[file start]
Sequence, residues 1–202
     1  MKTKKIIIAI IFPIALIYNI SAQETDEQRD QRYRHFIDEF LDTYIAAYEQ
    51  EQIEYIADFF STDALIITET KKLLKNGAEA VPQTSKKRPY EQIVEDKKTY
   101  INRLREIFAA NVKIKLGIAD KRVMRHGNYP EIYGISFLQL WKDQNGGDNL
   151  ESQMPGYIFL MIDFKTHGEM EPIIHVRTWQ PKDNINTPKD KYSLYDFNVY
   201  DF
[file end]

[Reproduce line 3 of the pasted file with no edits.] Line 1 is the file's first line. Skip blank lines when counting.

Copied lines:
    51  EQIEYIADFF STDALIITET KKLLKNGAEA VPQTSKKRPY EQIVEDKKTY